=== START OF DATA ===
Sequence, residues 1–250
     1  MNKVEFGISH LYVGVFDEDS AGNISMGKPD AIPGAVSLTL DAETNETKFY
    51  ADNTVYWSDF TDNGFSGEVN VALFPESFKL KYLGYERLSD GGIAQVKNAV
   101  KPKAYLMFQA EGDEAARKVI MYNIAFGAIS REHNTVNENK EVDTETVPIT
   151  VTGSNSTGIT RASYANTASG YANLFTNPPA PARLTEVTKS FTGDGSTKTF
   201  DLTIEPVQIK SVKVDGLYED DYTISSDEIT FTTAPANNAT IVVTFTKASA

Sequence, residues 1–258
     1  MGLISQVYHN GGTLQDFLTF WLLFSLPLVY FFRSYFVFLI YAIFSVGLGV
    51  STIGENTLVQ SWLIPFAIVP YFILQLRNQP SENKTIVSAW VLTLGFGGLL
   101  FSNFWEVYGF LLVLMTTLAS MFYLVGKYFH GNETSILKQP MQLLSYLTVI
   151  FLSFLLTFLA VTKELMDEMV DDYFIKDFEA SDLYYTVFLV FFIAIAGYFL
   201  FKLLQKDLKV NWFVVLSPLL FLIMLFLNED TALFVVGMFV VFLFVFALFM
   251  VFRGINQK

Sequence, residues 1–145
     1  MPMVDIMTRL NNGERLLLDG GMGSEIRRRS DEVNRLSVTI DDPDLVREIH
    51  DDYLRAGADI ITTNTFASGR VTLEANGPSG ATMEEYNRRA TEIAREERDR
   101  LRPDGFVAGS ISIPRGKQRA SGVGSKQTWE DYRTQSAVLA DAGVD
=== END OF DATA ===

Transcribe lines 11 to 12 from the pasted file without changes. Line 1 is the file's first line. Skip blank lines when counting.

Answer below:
   151  FLSFLLTFLA VTKELMDEMV DDYFIKDFEA SDLYYTVFLV FFIAIAGYFL
   201  FKLLQKDLKV NWFVVLSPLL FLIMLFLNED TALFVVGMFV VFLFVFALFM